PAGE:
The PhD program in communication sciences and disorders is unique in the breadth and depth of course offerings and research opportunities in audiology, speech, language, learning, and swallowing disabilities. This program is designed to prepare graduates for careers in academia, clinical science, and industry.
What do students love about our program?
- Breadth: A program structure that enhances opportunities for students to take advantage of the vast expertise of the entire faculty. Students who enroll typically come from a range of academic backgrounds and take advantage of the rich interdisciplinary opportunities at the university.
- Depth: The opportunity to conduct research within the framework of an established research laboratory.
- Lab rotations: Students complete 2-3 lab rotations during their first year, allowing them to explore their interests and select the lab that is the best fit.
- Mentorship: Most students have identified the lab that they are most aligned with when they enroll. Through lab rotations, coursework and other experiences, students build a mentorship committee of multiple faculty from within CSD and other departments.
- Cohort experience: The entering class size is typically about 8-10 students, though this varies year to year. First year students take a series of three courses in the department together, to provide a shared foundation and build cohort cohesion.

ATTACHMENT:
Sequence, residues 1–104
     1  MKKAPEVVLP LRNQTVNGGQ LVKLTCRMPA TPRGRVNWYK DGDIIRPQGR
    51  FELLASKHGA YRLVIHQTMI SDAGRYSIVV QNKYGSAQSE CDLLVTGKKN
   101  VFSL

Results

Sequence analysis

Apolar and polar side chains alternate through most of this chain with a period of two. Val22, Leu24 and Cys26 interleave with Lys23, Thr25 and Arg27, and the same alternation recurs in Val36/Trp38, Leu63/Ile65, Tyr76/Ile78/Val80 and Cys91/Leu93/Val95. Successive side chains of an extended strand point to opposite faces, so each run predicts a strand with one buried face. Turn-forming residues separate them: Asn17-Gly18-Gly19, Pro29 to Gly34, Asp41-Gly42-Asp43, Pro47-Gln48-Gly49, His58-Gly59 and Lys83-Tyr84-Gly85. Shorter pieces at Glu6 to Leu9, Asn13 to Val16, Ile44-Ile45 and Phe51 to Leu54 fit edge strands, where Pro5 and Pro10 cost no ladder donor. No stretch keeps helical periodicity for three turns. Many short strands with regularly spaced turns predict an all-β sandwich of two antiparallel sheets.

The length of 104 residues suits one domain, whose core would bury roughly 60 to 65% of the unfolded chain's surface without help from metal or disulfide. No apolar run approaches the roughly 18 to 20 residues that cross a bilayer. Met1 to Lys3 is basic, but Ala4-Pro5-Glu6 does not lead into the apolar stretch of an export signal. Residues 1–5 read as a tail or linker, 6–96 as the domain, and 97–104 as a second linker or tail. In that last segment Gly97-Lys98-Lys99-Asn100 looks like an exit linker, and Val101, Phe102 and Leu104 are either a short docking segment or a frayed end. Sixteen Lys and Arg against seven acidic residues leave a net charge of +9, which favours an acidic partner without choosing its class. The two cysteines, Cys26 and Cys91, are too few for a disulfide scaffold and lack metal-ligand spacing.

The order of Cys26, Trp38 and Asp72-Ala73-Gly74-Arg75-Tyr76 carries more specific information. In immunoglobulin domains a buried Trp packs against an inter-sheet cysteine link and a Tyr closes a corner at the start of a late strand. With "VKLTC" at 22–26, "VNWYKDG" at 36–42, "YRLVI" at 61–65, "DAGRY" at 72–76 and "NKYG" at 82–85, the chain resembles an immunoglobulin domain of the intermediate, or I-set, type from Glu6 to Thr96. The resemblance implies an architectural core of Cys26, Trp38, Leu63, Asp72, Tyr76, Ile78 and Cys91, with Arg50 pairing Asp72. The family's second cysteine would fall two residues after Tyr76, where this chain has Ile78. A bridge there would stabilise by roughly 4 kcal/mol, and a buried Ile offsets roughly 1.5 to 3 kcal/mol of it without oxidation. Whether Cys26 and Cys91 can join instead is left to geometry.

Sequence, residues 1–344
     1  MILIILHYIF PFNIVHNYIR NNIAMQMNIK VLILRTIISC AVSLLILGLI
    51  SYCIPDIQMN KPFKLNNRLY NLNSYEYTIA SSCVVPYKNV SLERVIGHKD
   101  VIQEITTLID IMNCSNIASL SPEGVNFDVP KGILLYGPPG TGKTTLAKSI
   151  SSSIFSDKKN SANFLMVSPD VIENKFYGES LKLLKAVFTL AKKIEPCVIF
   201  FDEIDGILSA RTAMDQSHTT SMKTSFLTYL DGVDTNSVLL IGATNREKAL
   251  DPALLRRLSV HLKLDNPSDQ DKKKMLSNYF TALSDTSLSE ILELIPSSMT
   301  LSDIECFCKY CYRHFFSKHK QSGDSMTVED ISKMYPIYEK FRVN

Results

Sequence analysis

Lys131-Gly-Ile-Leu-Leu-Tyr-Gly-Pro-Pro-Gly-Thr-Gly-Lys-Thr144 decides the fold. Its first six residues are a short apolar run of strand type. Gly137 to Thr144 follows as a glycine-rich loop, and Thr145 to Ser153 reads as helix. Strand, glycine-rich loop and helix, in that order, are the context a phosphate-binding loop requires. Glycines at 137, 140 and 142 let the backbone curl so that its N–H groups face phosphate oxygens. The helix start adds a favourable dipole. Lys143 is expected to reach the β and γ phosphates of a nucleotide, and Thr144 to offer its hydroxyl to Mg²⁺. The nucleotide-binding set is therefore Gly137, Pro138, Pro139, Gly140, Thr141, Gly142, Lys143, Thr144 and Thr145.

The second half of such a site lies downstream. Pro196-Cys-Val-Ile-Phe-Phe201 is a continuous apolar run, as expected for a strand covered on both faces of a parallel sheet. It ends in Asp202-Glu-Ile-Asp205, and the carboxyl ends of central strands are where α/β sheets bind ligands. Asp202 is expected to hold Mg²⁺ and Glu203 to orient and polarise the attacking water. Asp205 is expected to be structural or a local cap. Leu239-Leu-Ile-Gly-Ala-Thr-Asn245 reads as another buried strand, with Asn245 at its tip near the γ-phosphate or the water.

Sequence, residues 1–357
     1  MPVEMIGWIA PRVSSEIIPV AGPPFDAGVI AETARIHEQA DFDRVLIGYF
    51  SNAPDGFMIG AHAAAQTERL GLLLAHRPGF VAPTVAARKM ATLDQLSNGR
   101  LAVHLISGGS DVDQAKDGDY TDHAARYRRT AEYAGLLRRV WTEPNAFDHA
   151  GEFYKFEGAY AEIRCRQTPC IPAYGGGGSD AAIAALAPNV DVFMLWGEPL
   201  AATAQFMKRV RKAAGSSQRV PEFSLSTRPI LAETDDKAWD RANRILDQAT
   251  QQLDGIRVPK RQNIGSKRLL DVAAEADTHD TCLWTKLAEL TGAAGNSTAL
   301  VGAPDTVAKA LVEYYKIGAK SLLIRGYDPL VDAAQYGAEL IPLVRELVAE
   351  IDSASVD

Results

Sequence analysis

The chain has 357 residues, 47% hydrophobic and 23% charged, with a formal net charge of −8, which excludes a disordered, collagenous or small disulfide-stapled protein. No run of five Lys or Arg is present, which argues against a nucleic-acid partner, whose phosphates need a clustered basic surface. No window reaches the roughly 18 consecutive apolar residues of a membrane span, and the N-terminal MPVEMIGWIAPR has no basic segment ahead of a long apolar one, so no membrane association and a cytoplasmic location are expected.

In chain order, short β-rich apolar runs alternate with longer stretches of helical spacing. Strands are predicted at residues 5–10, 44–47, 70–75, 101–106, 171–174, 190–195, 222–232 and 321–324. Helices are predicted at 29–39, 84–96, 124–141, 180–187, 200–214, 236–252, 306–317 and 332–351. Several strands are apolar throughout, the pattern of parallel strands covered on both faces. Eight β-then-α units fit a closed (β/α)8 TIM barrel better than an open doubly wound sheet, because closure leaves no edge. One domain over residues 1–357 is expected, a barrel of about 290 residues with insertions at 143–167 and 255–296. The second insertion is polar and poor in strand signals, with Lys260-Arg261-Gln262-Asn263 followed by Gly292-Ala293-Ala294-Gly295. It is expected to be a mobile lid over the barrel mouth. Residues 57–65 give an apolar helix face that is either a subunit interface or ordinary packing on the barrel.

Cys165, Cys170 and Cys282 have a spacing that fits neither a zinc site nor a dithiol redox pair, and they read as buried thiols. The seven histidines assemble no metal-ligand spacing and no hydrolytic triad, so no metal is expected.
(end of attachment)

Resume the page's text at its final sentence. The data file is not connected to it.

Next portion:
- Grants and publications: Students experience a model of research education that includes the critical elements of success in science, including obtaining external grants and leading and contributing to publications.
- Teaching experience: All students serve as teaching assistants at some point during their program. Students wanting additional experience can complete directed eaching or enroll in the Searle Center’s teaching certificate program.
- Funding and support: Currently, every student accepted into the CSD PhD program will receive 100% tuition support, health insurance and a monthly stipend, year-round, for five years. This funding usually takes the form of some combination of teaching assistantships, graduate research assistantships and fellowships.
- Didactic courses (PhD) – approximately 7 courses
- Research experiences (PhD) – laboratory rotations, qualifying research project, and dissertation, yearly reviews and presentations.